Daughter laments dad’s passing in 24 hours as QC hospitals refused him care
MANILA, Philippines — The grief that comes with losing a loved one seemed many times more difficult during this time of COVID-19 pandemic – when one might just perish alone and away from family.
Rachelle Serrano-Ramos has recalled on Facebook how they raced against time to get their father, Liwanag Serrano Jr., treated at a hospital after he fell ill with symptoms of the virus.
Among the hurdles, she said, was when their family was being refused hospital care and death care, as well as being charged higher costs because their father was considered a patient under investigation (PUI).
I refuse for you to be remembered as a statistic. I never thought you will be a casualty of war, a battle we lost…
According to Rachelle, they called up private hospitals in Quezon City but these had refused to admit their father, stating they could not accept potential COVID-19 cases. Instead, she remembered, they were directed to the Lung Center of the Philippines, which allowed him to come but warned of a long wait.
After 11 hours of waiting for appropriate medical care, Liwanag, 67, died Saturday, March 28, leaving behind kids and grandkids.
“I never thought in less than 24 hours, my Dad will pass,” Rachelle said.
Liwanag Serrano Jr. was tested for COVID-19 but the results are expected to come in two weeks.
‘Eleven hours out in the heat’
Rachelle said her father went to the grocery twice prior to the enhanced community quarantine across Luzon. She noted that her father observed the quarantine strictly as he stayed home for two weeks. She also said he had no history of travel or contact with a COVID-19 patient.
He exhibited mild symptoms on Monday, March 23, particularly “on and off fever,” according to Rachelle. He had no cough or colds. And though they wanted him to get hospital treatment, their father refused.
But Liwanag’s condition worsened on Friday, March 27, as he appeared “pale and weak,” Rachelle recollected. Her youngest brother also said their father had a loss of appetite and was finding it harder to breathe despite having no cough.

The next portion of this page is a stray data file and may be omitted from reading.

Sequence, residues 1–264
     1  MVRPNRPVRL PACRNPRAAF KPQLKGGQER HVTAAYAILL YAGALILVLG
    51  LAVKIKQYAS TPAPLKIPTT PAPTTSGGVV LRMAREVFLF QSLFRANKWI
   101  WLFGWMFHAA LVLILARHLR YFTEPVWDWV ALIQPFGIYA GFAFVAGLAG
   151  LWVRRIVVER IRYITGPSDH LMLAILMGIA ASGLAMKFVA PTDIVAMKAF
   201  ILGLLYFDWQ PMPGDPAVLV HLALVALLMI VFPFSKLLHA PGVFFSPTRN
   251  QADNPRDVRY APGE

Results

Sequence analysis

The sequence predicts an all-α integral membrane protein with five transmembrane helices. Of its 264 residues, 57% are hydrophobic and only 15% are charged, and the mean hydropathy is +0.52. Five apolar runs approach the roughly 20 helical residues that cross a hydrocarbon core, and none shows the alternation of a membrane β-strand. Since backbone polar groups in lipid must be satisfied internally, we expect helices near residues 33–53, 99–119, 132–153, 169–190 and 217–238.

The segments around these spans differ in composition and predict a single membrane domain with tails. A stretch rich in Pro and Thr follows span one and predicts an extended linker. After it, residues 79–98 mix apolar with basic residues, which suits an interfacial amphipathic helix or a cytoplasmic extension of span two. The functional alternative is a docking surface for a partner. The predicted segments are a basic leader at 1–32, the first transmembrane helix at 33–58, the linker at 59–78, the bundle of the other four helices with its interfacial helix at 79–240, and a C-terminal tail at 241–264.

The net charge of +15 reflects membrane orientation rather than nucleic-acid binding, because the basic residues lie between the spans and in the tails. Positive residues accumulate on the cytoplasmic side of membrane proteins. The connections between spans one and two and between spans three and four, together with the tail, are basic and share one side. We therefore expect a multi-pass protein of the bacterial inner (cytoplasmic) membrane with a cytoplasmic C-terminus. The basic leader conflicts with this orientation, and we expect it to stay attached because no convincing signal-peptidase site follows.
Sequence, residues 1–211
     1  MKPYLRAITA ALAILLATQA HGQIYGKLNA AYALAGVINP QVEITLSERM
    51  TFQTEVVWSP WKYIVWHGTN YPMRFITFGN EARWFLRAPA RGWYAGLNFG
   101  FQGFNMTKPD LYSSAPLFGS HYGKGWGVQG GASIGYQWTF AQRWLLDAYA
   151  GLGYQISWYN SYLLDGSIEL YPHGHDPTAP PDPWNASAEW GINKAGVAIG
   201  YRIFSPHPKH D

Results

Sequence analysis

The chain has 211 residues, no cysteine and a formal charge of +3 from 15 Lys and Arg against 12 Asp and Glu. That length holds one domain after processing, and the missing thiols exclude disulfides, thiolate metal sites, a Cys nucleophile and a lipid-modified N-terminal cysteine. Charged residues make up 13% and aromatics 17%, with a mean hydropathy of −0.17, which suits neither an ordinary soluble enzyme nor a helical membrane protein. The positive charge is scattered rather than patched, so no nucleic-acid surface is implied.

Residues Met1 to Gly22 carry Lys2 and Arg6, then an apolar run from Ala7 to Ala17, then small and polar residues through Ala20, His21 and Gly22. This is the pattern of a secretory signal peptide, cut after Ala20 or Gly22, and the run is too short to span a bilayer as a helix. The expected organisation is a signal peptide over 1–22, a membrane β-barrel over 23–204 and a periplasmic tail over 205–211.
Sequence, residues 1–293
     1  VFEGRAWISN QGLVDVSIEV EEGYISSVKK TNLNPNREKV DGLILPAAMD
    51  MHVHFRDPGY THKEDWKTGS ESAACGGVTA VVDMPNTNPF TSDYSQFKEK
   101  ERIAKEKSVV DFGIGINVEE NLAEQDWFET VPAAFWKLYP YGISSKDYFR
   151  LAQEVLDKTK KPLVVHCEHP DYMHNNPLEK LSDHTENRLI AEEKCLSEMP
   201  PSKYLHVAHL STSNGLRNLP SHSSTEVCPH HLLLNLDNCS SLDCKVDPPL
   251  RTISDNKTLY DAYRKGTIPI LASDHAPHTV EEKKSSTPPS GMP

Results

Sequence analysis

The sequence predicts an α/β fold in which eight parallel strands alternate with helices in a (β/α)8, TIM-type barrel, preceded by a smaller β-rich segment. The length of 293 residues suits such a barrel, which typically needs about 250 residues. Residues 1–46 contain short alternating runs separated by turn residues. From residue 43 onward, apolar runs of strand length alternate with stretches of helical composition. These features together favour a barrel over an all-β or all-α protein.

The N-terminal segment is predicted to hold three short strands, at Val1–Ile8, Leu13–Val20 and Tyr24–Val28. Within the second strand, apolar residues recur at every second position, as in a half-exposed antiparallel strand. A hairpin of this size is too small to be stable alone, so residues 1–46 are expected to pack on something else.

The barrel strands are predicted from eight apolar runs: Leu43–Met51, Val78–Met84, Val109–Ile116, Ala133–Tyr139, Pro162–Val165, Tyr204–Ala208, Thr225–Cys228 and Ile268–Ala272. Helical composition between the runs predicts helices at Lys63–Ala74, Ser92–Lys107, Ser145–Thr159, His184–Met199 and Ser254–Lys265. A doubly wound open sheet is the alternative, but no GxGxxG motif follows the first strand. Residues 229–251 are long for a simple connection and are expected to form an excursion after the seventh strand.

At this point, the family was trying to find all the help they can get to bring Liwanag to the hospital.
Among the challenges the family faced was finding a hospital and an ambulance to transport their father. Rachelle said they sought the help of the Quezon City barangay where her father stayed, but she claimed the village officials did not “[take] action.” She recalled that a private ambulance had to be availed of to rush their father to the hospital.
Although Lung Center was at full capacity, Rachelle said she remained grateful for the health workers. “We can tell they are so overwhelmed, understaffed and tired. There [was] so much death around.”
“[Eleven] hours my Dad was out in the heat sitting in a wheelchair under a triage tent with several coughing [PUIs] around him. My youngest brother never left my father’s side,” she said.
Their father was finally confined in the hospital by 7 p.m. Friday. He was intubated and put on a ventilator in a room with PUIs because the intensive care unit (ICU) of Lung Center was packed.
She said the doctor apologized because there were only three nurses at the PUI ward.
“Our healthcare workers are in a battlefield working their best with little resources they have,” she told INQUIRER.net.
The Serrano patriarch died Saturday afternoon without his family by his side.
Bureaucracy and stigma
The family’s dilemma, however, did not stop with the demise of Liwanag because they further faced difficulty in retrieving their father’s body and having it cremated.
“And now even as we want to mourn, we are still confronted with the bureaucracy and the stigma. Funeral homes are now refusing to take in [COVID-19 patients] or PUI even if it’s [straight-up] cremation,” she said.
Liwanag’s remains were finally cremated Saturday night as one funeral home accepted their call.
“Wasn’t able to kiss or hug him one last time. This is the most painful part for us,” Rachelle remembered with regret.
“I’m sorry Daddy. I’m sorry for letting you down. I’m sorry that we are so helpless,” she also wrote.
Her brother is now under strict quarantine. She told INQUIRER.net that neighbors are helping to ensure he has enough supplies for three weeks. “May bayanihan pa rin,” she said. (There is still a sense of community.)
She also expressed concern for fellow Filipinos who could not afford the resources under the same situation, noting that they were charged P30,000 for the ambulance and P135,000 for the cremation.
She likewise expressed hope that other families would not suffer as they did.
“To all the families that lost, losing, and will lose a loved one during this pandemic, they will never be just a number. They are fathers, mothers, brothers, sisters, sons, daughters, grandfathers, and grandmothers,” Rachelle said.
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